Diabetes Bingo at White Earth

Diabetes Bingo is a program developed by Gail Gardner of the White Earth Tribal Diabetes Program. Along with Paulie Neison, who happens to be an amazing artist, she created an interactive way for diabetes patients and their families to learn about diabetes and how to take care of themselves.

One of the props that Paulie made!

Behind the scenes set-up of bingo.

Playing cards and containers of tokens.

More props to illustrate the difference in blood flow in a person with uncontrolled diabetes and a healthy person.

Calling out cards.

Devin picking the winning bingo.

A beautiful union of bingo and diabetes education.

Sneak peak at some of the prizes people could win!

Bemi-Jidi

Today may have been our most productive day since coming to Cass Lake. Ben Dropkin and Jidi visited the Indian health advocacy specialist at Sanford Hospital (staying for half-a-day each), while Ayo and Margaret shadowed providers at Cass Lake Indian Health Clinic. Sanford is a gorgeous hospital with 118 beds located in Bemidji, particularly in contrast with the local socioeconomic situation as we know it. Vikki Howard is the advocacy specialist, and she couldn’t have been more warm and generous in taking the two of us around the hospital and showing us the different departments, introducing us to providers and patients, and explaining to us the local state of health care as well as various aspects of Native American culture, language, and history. For example, it is believed by many Indian patients, particularly the elderly ones, that we are constantly surrounded by spirits, both good and evil; the good ones, which include deceased family members and friends, must be welcomed, while the evil ones need to be warded off with much effort. Similarly, it is believe that traditional medicine, such as different types of plants, need to be worshipped and communicated with in order for them to be effective; as Vicky said, “We need to build a relationship with the medicine, before it works for us.” The entire session with Vikki offered an insightful perspective on health care from the nurse and social worker’s side, as well as a fascinating and honest introduction to the Ojibwe culture.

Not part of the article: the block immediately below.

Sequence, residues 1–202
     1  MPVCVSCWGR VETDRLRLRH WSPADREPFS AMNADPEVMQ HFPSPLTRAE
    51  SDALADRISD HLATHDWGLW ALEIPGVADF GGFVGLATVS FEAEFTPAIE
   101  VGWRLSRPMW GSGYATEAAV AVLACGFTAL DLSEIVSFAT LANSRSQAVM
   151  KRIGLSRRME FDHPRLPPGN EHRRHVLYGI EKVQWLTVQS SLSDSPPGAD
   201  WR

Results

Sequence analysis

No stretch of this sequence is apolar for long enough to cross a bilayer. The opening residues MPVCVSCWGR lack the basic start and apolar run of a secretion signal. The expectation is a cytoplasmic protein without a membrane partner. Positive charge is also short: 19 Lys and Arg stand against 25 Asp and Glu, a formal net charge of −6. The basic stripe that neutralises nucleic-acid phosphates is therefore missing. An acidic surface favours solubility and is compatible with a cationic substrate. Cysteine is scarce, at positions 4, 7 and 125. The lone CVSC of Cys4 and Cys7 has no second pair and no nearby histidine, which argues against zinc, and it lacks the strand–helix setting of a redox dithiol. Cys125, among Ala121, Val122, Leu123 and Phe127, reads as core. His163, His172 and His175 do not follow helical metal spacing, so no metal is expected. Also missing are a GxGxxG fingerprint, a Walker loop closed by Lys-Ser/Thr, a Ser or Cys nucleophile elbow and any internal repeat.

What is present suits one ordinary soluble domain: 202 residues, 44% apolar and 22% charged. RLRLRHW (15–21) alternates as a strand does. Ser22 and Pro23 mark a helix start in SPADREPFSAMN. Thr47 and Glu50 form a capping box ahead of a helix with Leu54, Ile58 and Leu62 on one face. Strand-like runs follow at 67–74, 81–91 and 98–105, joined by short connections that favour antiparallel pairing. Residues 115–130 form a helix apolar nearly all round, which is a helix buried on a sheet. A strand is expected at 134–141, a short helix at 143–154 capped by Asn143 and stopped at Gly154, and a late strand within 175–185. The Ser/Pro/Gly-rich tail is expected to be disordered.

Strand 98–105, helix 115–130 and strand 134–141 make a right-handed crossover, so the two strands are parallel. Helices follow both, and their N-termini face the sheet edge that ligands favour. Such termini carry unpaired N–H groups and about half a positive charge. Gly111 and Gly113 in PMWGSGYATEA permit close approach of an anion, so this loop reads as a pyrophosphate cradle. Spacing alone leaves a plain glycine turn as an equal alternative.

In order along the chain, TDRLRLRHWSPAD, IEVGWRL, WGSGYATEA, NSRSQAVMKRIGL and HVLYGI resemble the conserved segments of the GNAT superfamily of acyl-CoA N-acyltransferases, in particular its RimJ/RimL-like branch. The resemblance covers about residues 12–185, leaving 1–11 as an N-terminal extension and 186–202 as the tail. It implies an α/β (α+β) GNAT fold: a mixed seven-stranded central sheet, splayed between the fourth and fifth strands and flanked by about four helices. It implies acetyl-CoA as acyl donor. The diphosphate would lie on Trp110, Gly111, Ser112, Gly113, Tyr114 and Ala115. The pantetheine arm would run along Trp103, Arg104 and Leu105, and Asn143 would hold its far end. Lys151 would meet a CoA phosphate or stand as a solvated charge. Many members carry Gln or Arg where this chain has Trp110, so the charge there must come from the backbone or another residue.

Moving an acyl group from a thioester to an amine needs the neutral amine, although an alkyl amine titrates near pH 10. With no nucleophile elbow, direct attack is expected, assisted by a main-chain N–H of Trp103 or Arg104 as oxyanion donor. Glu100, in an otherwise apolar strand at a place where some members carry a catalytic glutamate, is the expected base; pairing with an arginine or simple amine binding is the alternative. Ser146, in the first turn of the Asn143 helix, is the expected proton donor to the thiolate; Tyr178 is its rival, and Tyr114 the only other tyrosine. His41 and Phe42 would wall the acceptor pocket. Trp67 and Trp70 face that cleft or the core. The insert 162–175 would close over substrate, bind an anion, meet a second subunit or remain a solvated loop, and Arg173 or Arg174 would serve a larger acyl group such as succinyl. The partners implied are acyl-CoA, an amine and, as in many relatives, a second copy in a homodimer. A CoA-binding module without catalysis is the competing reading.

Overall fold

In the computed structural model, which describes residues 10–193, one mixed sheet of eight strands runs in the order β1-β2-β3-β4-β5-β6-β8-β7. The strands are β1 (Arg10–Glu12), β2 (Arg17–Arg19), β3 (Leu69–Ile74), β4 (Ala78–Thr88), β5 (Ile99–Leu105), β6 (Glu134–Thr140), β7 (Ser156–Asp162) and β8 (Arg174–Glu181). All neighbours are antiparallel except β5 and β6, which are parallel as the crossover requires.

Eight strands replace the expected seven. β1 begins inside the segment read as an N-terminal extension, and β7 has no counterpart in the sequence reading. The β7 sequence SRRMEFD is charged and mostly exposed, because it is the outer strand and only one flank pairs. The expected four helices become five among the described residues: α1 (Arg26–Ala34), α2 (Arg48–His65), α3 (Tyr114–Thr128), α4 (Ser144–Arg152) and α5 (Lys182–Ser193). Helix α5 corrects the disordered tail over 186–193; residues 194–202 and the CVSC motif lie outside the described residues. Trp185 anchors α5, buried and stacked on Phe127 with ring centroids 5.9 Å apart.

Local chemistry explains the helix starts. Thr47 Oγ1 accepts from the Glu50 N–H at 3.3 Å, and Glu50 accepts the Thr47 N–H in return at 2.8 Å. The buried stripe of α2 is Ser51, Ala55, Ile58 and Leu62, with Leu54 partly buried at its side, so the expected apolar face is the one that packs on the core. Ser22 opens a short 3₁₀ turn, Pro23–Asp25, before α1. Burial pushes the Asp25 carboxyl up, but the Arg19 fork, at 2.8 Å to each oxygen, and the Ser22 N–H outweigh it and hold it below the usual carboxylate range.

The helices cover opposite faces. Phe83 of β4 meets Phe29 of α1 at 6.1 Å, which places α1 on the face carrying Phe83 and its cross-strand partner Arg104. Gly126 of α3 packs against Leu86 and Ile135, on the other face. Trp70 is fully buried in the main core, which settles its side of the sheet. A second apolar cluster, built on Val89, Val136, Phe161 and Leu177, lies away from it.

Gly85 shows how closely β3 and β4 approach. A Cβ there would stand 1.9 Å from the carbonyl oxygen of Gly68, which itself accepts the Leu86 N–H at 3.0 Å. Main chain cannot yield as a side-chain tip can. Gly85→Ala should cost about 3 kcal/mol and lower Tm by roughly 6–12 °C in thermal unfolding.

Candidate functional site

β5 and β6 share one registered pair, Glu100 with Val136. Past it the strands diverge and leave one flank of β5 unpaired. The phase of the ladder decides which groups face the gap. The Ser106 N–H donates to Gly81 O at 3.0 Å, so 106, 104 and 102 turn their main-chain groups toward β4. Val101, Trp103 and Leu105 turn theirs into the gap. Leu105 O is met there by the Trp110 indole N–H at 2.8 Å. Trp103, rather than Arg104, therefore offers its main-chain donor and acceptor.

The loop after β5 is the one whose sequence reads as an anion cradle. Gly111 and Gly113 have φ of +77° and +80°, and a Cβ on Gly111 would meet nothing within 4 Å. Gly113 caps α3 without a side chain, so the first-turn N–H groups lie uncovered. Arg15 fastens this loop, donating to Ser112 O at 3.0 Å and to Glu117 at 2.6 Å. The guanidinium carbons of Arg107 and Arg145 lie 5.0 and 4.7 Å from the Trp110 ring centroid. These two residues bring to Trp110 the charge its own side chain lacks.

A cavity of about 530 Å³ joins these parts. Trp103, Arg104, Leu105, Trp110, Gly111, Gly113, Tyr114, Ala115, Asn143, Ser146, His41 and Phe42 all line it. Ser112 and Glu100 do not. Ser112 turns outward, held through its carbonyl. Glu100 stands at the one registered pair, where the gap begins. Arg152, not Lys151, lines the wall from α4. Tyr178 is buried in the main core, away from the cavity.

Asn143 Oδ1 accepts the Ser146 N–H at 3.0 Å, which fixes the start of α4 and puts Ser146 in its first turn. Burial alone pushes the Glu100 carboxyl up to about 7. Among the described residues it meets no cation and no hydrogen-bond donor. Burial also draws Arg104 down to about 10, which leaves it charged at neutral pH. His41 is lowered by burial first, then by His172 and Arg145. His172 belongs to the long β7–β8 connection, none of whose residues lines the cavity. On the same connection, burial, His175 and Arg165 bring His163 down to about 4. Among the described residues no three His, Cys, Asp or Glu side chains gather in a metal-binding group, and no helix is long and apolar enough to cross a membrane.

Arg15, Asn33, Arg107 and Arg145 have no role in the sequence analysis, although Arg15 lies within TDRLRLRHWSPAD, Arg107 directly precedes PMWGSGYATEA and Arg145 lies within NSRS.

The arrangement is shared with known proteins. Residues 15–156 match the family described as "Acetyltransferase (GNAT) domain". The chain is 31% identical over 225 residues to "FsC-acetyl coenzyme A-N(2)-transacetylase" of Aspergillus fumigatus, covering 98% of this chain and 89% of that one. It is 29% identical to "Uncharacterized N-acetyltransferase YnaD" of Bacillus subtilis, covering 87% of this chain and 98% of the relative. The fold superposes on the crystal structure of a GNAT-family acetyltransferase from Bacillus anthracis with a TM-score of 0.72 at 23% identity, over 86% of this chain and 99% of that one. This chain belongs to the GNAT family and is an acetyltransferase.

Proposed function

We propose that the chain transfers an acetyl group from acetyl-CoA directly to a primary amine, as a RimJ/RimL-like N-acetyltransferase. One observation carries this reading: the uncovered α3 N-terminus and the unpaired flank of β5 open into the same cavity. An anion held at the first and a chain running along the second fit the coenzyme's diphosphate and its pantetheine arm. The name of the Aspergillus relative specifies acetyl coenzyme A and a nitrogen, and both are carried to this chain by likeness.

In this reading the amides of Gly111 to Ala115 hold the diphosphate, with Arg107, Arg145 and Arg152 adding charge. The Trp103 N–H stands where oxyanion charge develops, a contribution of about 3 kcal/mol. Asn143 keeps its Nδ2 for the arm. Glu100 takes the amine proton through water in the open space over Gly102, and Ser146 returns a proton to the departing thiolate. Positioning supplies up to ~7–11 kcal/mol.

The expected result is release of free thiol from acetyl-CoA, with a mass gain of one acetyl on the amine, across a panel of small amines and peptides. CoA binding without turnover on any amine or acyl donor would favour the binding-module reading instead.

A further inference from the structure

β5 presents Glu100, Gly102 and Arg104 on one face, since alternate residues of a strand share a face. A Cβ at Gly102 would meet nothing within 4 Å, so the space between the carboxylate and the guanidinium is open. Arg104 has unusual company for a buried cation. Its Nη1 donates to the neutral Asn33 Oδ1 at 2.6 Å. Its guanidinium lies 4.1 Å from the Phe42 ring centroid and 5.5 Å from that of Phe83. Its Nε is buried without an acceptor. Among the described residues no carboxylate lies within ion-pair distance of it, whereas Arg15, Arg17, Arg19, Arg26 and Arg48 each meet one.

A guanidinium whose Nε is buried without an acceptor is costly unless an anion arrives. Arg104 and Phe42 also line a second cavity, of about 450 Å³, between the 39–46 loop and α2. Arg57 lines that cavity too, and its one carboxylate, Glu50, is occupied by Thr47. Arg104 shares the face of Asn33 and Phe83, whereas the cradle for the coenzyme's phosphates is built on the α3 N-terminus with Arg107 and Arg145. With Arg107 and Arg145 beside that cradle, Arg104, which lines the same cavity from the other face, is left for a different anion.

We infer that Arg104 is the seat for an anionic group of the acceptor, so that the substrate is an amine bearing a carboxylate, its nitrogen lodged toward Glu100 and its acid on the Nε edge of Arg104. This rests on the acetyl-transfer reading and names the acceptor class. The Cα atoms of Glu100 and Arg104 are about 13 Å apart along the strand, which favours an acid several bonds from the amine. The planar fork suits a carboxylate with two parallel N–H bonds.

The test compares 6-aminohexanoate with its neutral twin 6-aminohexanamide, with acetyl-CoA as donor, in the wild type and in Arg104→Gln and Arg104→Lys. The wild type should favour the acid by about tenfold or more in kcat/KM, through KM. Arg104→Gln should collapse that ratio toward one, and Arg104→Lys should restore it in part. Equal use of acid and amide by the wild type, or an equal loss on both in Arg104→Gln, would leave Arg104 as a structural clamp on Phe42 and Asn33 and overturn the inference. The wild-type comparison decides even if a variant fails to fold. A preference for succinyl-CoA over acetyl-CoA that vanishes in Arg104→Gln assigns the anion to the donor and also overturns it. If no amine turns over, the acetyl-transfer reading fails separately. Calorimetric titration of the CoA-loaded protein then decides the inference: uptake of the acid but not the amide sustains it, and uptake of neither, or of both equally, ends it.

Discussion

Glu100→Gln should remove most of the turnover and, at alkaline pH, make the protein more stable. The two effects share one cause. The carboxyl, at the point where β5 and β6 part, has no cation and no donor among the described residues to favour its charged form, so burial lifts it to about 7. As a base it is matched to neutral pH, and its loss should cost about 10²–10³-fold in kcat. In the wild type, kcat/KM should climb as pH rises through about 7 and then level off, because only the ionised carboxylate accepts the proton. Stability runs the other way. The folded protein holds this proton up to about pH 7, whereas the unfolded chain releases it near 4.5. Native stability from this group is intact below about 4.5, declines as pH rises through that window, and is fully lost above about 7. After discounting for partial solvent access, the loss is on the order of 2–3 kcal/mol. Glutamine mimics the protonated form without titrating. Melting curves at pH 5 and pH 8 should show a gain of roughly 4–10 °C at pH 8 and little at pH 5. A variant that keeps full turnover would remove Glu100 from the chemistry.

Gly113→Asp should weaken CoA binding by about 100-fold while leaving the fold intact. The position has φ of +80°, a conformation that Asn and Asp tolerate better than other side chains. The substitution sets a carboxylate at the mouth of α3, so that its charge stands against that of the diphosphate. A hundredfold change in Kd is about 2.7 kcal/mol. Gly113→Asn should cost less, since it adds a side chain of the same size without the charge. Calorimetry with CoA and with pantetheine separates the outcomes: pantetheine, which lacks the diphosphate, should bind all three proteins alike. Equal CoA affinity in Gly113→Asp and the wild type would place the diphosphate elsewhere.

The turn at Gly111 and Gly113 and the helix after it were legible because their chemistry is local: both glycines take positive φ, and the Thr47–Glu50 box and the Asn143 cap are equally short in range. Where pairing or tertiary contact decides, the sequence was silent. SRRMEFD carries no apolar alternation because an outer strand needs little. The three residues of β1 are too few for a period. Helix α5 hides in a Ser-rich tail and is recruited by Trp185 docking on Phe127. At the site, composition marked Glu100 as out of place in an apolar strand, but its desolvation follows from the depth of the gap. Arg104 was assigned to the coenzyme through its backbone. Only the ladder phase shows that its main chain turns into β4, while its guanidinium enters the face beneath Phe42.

Post-shadowing, the four of us grabbed a quick bite with the one and only Shawn O’Leary and his dad at a casino restaurant (where Ayo had a stack of BBQ ribs to warm up for his actual dinner at a Chinese buffet 2 hours later). Afterwards, we got working on the real reason why we were at the casino: to run a blood pressure screening for the casino patrons and (covertly) perform motivational speeches. After much confusion in the beginning with the security guard as far as who we were and why we were there, we got a table set-up in the back for the casino employees, and a table upfront across from the main entrance to catch the patrons as soon as they enter. We worked from 6~8pm, and screened more than 50 people of all ages (that can legally enter the casino). We even (almost) got a couple of people to quit smoking for good (no guarantees, but we did our best.) I suppose it wasn’t a surprise that just about everyone smoked, some even while pregnant or with young children at home. Interestingly, folks who had hypertension were much more reluctant to participate, while those who know that they have healthy BP were much more eager to join us. I suppose it is human nature to want to ignore problems that you know full-well exist and try to pretend that they are not there by not partaking in activities that blatantly remind you that, yes, you indeed have those problems and that they carry serious consequences.

Alright, enough blogging for one night. It is 10:28pm as I type this sentence, and we need to be up at 6am for a presentation for middle schoolers on measures one can take to eat more healthily (clearly a major lifestyle challenge for many if not most local residents that we’ve encountered.) Good night!